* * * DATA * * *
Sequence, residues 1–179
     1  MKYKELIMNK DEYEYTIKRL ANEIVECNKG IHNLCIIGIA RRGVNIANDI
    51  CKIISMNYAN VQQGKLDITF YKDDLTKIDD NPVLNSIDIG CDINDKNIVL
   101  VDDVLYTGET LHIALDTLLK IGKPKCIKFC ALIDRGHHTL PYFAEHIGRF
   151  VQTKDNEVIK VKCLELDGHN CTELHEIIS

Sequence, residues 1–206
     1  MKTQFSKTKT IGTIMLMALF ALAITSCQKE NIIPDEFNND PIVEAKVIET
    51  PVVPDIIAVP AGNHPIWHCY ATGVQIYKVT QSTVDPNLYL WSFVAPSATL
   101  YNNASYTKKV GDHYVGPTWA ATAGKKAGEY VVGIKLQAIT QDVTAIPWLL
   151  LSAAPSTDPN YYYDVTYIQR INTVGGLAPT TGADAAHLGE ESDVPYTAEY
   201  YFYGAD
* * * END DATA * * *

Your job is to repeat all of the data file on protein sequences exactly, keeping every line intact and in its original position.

Sequence, residues 1–179
     1  MKYKELIMNK DEYEYTIKRL ANEIVECNKG IHNLCIIGIA RRGVNIANDI
    51  CKIISMNYAN VQQGKLDITF YKDDLTKIDD NPVLNSIDIG CDINDKNIVL
   101  VDDVLYTGET LHIALDTLLK IGKPKCIKFC ALIDRGHHTL PYFAEHIGRF
   151  VQTKDNEVIK VKCLELDGHN CTELHEIIS

Sequence, residues 1–206
     1  MKTQFSKTKT IGTIMLMALF ALAITSCQKE NIIPDEFNND PIVEAKVIET
    51  PVVPDIIAVP AGNHPIWHCY ATGVQIYKVT QSTVDPNLYL WSFVAPSATL
   101  YNNASYTKKV GDHYVGPTWA ATAGKKAGEY VVGIKLQAIT QDVTAIPWLL
   151  LSAAPSTDPN YYYDVTYIQR INTVGGLAPT TGADAAHLGE ESDVPYTAEY
   201  YFYGAD